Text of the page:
Frank Norris A Controversial Yet Research Paper

  • Length: 5 pages
  • Sources: 4
  • Subject: Mythology - Religion
  • Type: Research Paper
  • Paper: #73612815
  • Related Topics: Sermon, Arson, Gambling, Texas

Excerpt from Research Paper :

(J. Frank Norris -- Everything on).

Norris' Controversial Side

Norris admits to a lot of behavior that he may not have been able to get away with in today's politically correct climate. Admittedly, in the 1930's, Norris campaigned vehemently against Al Smith, a Catholic, whom was running for President. Norris used his power to wage a campaign against him so as to protect the other candidate whom was a member of the Klu Klux Klan, a known white supremicist. Additionally, Norris advocated in favor of placing people on trial for allegedly supporting communism or taking part in communist activities. In fact, he adamantly wrote to the anti-American committee and volunteered to testify against members of the Southern Baptist Convention. On many occasion, Norris openly praised Joe McCarthy for his anti-communist work. Moreover, Norris' own friends have stated that Norris always loved a fight; and, Norris himself admits that at first all of the controversy had made him a mad person who enjoyed using his pulpit as a place from which to tell people in his

congregation to "go to Hell." In addition to supporting white supremacy and restriction of freedom of speech, Norris showed also shot a man on a third occasion whom disagreed with him in his office (Wilkie). Today, because he was so devoted to his creator and to creating places for Fundamentalists to worship, he is not solely remembered for the things in which he can be criticized. There is no denying his passion for and his devotion to God.

Today, the seminary he founded is still standing, but it is now called the Arlington Baptist College. The school, however, has ceased to function in a way that reflects the Christian way. In fact, the student body itself has been described as subpar with regard to academics as well as character. Moreover, there is a Nazi-like supremicist population of students that does not adequately represent the commitment to God and community that J. Frank Norris truly stood for (Leonard).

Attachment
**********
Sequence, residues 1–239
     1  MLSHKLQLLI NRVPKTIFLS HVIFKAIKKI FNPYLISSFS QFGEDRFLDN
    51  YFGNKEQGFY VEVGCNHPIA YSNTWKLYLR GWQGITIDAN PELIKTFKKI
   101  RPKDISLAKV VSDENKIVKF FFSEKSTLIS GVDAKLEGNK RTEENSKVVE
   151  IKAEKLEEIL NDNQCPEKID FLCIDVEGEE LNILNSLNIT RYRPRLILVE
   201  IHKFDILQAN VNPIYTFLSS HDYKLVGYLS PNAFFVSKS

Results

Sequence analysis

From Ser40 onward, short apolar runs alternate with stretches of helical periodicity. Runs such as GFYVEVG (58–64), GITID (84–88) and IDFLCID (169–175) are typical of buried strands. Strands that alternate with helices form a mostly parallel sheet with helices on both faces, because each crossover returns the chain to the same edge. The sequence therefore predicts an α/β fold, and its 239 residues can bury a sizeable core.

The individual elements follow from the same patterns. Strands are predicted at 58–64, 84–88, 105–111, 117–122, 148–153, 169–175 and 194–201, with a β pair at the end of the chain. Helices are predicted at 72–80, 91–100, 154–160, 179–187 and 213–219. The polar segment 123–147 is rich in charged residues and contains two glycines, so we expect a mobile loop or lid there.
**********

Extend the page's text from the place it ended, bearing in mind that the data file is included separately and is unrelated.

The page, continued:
Norris' Lasting Influences

In looking back upon Norris' life, in 1982, Baptist pastor and president of the Baptist World Fellowship, Raymond W. Barber, explained the increased influence and status of Fundamentalism that came about because of Lewin's efforts and in spite of his controversial language and actions: "No longer do fundamentalists operate from the closet of inferiority, but from the parlor of influence, after the spiritual and cultural life of America. The so-called 'splinter-group' of yesterday has become a special vanguard of the truth whose influence is evidenced from the courthouse to the White House" (Leonard 504). Truly, J. Frank Norris was instrumental in creating a set of churches independent from the guidance and oversight of the Baptist Convention. He definitely provided a model for others to follow should they disagree with the organization of their own religion. Additionally, he serves as a poignant example of a self-made man whom was not afraid to stand up for what he believed in; in this sense, many individuals have looked up to his accomplishments as well as his career. Indeed, in looking back upon the first half of the twentieth century, clearly, one charismatic yet controversial man of God stands apart from all the others: J. Frank Norris.

Works Cited

"J. Frank Norris - Everything on J. Frank Norris (information, Latest News, Articles,...)." - Historical Events, Latest News, News Archives. Web. 14 Apr. 2010. .

"J. Frank Norris." Enriching the Mind, Inspiring the Heart. Arlington Baptist College. Web. 12 Apr. 2010. .

"J. Frank Norris." Enriching the Mind, Inspiring the Heart. Arlington Baptist College. Web. 12 Apr. 2010. .

"J. Frank Norris." Expert Archive Questions. Web. 13 Apr. 2010. .

"J. Frank Norris: Information from" Web. .

Leonard, Bill J. "Independent Baptists: from Sectarian Minority to "Moral Majority." Church History 56.4 (1987): 504-517. Questia. Web. 16 Apr. 2010.

Leonard, Bill J. "When the Denominational Center Doesn't Hold: The Southern Baptist Experience." The Christian Century 22 Sept. 1993: 905+. Questia. Web. 16 Apr. 2010.

Morris, C. Gwinn. "The Handbook for Students Online." Http:// Web. 14 Apr. 2010.

Wilkie, Jr., Don S. A Christian Looks at the Religious Right. Rep. Wilkie. Web. .

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